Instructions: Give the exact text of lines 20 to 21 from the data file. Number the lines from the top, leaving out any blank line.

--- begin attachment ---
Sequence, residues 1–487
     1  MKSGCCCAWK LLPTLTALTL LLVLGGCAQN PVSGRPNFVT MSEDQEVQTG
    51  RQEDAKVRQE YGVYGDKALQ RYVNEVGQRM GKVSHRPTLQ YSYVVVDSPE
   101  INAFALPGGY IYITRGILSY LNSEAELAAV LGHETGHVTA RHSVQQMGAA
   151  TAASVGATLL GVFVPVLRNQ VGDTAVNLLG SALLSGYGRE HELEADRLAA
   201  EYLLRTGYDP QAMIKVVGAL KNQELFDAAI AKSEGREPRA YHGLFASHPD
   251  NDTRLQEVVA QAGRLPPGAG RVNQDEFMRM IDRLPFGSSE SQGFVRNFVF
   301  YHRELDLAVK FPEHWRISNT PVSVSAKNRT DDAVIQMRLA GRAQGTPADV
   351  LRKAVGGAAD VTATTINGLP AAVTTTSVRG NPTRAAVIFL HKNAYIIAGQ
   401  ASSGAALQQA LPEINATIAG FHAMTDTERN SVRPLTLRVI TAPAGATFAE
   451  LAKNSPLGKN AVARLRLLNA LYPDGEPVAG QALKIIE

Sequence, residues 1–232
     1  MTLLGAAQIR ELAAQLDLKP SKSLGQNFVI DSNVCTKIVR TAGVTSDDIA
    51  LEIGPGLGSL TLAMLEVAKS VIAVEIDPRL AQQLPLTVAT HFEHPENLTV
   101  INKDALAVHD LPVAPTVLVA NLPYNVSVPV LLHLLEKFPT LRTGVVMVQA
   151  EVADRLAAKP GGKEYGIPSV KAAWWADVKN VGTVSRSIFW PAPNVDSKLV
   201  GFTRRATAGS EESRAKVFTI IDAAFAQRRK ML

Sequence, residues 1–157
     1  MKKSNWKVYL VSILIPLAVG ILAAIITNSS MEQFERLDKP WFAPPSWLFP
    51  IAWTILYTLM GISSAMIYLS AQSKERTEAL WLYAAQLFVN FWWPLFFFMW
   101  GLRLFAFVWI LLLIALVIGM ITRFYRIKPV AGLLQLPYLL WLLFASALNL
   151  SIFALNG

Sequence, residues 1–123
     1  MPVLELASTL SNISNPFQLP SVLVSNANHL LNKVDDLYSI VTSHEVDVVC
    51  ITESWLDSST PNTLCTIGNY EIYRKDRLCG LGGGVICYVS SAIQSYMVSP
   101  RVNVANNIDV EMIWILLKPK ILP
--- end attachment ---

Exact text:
    51  IAWTILYTLM GISSAMIYLS AQSKERTEAL WLYAAQLFVN FWWPLFFFMW
   101  GLRLFAFVWI LLLIALVIGM ITRFYRIKPV AGLLQLPYLL WLLFASALNL